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Nurturing Faithfulness to the Leadings of the Spirit in Central Philadelphia Monthly Meeting

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Nurturing Faithfulness to the Leadings of the Spirit in Central Philadelphia Monthly Meeting

Approved and adopted by the meeting April 10, 2005

Preface

Welcome to Nurturing Faithfulness to Leadings of the Spirit in Central Philadelphia Monthly Meeting. The following document the emerging understanding in CPMM of how we support one another in dynamic faithfulness. Nurturing Faithfulness is the successor to Responding to Calls to Ministry in Central Philadelphia Monthly Meeting which was adopted in 1995. Those earlier guidelines have served the meeting well and have been useful to others in the Religious Society of Friends.

However, as we have lived into them we have discovered new questions:

  • How can the meeting support the growth of all members and attenders in faithfulness to the leadings of the Spirit, not just specific members at a time when they are called to a particular public ministry?

  • How does each of us contribute to creating such a meeting?

  • When is it rightly ordered for the meeting to give focused care when a member is called to a public ministry, and is that care for the ministry or the member who is undertaking the ministry?

  • How do we foster gifts of centering and discernment so that service on clearness and spiritual accountability committees can be rich in the Spirit and faithful to its leadings?

  • How do we develop a process that enriches the meeting community and does not exhaust it?

Nurturing Faithfulness is a next step in addressing these questions and continuing on the path of discovery. We invite you to live into these new guidelines and find what new possibilities they open and what new questions they raise.

What You Will Find In This Document

Nurturing Faithfulness is divided into two parts. The first, “Nurturing Faithfulness to Leadings of the Spirit in CPMM” is a description of the ways we in CPMM attempt to support one another in faithfulness in every phase of the life of our community. It is accompanied by a “Handbook for Formal Care of Friends Called to Ministry or Witness” which describes the procedures of CPMM for providing formal care. The contents of these documents are guidelines not rules. The procedures are stated as “generally” or “in most cases” because we understand that, in listening carefully for the guidance of the Spirit, our meeting may from time to time be led in surprising directions.

Some Notes on Language

  1. This document uses the terms God, Divine, Spirit, and Guide interchangeably–-other Friends might use Truth, Light, Jesus, or Christ.

  2. The meeting is in the process of considering the use of the term “oversight” which has distressing connotations for some Friends. When the meeting comes to unity on a term, that term can be inserted into this document. Meanwhile, we have experimented with the alternative term “Spiritual Accountability” which we hope Friends will recognize as having the same meaning of prayer, care, discernment, supervision, and corporate discipline.

  3. Some of the terms and nomenclature may not be clear to all readers. Please consult the glossary which is in Appendix B.

Faithfulness in Community

At the core of Quakerism there is the belief that the Spirit may speak to and through any person. Our discipline as Friends is to listen for movements of the Spirit in our lives and to be faithful in following the Spirit’s guidance as fully as we are able. Another assumption of early Friends, not so frequently acknowledged among contemporary Friends, is that the individual’s listening and faithful action is carried out in the context of the support of the meeting community.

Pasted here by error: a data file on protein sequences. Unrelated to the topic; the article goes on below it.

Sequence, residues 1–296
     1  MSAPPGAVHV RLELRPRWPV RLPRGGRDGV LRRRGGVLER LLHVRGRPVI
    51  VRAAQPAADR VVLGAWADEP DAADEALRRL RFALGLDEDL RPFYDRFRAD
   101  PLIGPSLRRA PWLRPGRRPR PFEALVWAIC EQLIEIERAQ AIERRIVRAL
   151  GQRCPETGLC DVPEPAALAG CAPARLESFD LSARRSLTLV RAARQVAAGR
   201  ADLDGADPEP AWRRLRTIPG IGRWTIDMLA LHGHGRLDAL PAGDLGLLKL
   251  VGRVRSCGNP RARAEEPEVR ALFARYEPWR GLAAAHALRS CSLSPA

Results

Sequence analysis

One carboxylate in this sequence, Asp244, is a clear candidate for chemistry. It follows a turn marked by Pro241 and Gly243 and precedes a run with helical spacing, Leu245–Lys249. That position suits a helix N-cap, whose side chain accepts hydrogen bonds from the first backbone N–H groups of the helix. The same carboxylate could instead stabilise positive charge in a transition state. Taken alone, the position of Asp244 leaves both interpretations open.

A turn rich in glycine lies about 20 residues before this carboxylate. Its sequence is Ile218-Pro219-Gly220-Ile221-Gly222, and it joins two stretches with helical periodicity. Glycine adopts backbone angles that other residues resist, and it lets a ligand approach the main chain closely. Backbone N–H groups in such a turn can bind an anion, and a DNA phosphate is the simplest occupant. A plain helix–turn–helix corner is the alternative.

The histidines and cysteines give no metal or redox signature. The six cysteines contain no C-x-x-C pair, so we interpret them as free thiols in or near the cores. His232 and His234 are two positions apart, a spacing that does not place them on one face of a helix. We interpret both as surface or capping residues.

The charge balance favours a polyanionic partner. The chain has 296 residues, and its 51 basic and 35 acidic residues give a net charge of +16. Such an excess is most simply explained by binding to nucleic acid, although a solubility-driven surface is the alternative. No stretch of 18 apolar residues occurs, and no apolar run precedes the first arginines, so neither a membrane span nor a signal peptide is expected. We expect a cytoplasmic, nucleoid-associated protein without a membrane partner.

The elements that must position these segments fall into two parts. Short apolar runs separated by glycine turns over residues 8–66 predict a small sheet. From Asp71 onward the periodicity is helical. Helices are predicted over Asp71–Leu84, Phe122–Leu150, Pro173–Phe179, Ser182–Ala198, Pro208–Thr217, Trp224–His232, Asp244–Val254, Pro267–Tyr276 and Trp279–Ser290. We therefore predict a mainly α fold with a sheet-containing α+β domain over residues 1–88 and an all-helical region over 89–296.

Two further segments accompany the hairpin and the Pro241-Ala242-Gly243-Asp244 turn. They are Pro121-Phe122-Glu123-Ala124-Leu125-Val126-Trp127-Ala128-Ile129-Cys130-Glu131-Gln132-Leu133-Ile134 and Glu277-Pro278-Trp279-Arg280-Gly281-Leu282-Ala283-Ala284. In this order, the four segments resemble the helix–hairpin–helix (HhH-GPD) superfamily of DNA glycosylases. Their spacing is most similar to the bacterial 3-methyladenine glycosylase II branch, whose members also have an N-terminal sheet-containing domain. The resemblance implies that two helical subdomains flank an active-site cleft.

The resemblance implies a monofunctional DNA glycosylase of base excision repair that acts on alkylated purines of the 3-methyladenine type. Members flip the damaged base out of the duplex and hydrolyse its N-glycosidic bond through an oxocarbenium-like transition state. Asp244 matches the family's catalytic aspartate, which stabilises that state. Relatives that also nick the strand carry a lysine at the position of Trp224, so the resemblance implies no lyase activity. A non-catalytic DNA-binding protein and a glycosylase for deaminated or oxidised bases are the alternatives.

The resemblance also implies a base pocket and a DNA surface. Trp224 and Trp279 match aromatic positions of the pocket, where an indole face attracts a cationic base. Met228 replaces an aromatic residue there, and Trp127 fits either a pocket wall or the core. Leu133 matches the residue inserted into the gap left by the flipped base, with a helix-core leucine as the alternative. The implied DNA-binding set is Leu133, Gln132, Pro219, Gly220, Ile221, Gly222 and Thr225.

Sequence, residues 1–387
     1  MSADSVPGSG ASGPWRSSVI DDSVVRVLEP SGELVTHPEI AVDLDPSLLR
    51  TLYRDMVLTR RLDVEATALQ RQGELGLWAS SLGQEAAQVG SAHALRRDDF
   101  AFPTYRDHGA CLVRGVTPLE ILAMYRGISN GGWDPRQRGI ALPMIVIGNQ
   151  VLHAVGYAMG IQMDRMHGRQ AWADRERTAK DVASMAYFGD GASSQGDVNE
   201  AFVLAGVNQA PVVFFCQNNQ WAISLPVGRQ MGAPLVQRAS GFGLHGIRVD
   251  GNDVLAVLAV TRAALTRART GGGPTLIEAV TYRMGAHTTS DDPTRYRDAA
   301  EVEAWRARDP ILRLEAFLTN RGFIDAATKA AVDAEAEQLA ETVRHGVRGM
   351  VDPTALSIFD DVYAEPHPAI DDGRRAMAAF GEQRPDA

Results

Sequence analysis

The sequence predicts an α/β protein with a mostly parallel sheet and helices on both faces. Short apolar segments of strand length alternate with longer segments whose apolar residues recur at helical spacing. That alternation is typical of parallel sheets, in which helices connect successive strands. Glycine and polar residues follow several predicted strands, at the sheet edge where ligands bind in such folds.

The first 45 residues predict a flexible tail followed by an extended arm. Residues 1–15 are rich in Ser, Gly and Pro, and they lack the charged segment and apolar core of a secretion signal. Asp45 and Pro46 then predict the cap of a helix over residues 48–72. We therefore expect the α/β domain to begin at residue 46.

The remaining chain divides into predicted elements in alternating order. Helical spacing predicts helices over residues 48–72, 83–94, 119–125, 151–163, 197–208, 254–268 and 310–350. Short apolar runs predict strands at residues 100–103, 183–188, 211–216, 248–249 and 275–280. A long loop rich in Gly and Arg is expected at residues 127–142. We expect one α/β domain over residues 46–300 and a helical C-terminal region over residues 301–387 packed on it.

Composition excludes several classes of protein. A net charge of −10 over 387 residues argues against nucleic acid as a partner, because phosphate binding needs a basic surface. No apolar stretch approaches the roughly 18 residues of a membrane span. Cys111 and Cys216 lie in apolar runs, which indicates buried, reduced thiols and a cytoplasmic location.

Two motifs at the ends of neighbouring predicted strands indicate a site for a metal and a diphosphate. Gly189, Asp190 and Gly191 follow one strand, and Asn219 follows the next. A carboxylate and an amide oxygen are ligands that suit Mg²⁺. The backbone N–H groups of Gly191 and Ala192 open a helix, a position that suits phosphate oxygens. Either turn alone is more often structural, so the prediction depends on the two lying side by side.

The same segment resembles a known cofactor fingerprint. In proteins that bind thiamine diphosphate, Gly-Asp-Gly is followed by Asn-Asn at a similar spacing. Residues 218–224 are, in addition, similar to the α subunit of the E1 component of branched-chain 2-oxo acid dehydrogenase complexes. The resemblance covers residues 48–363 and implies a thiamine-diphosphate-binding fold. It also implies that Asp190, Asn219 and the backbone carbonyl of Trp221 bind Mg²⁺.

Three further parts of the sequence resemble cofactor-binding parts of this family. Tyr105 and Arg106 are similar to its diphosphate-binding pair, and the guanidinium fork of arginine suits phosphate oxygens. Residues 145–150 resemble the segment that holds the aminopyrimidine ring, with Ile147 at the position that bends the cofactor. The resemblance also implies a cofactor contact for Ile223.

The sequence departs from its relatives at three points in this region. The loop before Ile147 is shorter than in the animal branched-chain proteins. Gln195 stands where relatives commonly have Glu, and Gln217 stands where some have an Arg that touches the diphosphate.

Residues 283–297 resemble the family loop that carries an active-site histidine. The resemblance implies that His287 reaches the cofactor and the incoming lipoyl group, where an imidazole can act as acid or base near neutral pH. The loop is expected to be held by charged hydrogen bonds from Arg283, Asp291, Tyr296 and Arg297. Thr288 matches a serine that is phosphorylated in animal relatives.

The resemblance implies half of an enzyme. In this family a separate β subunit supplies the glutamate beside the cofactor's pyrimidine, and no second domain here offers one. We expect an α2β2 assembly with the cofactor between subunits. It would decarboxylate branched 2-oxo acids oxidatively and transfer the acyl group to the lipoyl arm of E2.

In Central Philadelphia Monthly Meeting we have been growing in our understanding of what it is to be a meeting that supports one another in listening, discerning, and faithfully responding to the leadings of the Spirit. In our 1999 document on Being a Member of CPMM we affirm our covenant not only to attend to one’s own relationship with God, but also to attend to ways in which we can uplift and encourage one another in the meeting community. As we nurture the faithfulness of each one, the meeting is strengthened. When the meeting as a whole is strengthened, it more fully calls out the faithfulness of each individual.

Supporting One Another Through Various Seasons

Each of us is called in a unique way to faithful living as we listen to God’s guidance in the context of our gifts and our life circumstances. Faithfulness for some may be outward work in the world; for others it may be quietly holding the meeting community in prayer. It may be teaching or organizing, taking a public stand of conscience, witnessing through the arts. It may be calling forth the spiritual gifts of others, or carrying a deep and reconciling love to our daily lives in our families, our neighborhoods, or our workplaces. Faithfulness may be a life dedicated to prayer and the discovery of the wondrous works of the Spirit.

For most of us, faithful living moves through different seasons—shifting with changes in one’s outward life and with one’s growing understanding of the movements of the Spirit. There may be seasons of fresh openings when we feel called to actions which are new to us or are finding new ways of expression, seasons of traveling the familiar road, and seasons of seeking when one may not be sure of the path. Then, perhaps, the road becomes more familiar and less challenging or there comes a fallow time. As we move through these seasons both our need for support from our faith community and our ability to contribute to the community shifts and changes. As a meeting we seek to support one another in every season of our journeys.

  1. We support each other in faithfulness by gathering together in the meeting for worship and through our ordinary interactions in the life of the meeting. This starting point for support of faithfulness is available to all and is contributed to by all who are present.

  2. Some of us feel drawn into more intentional ways of seeking and providing support to one another such as spiritual friendships or study and sharing groups where in the company of others we grow in our relationship with God and, perhaps, begin to see the challenges of faithfulness in a new light. Members and attenders in these groups support, test, and encourage one another in various ways. For attenders, commitment to an ongoing small group is often a step toward membership in the meeting.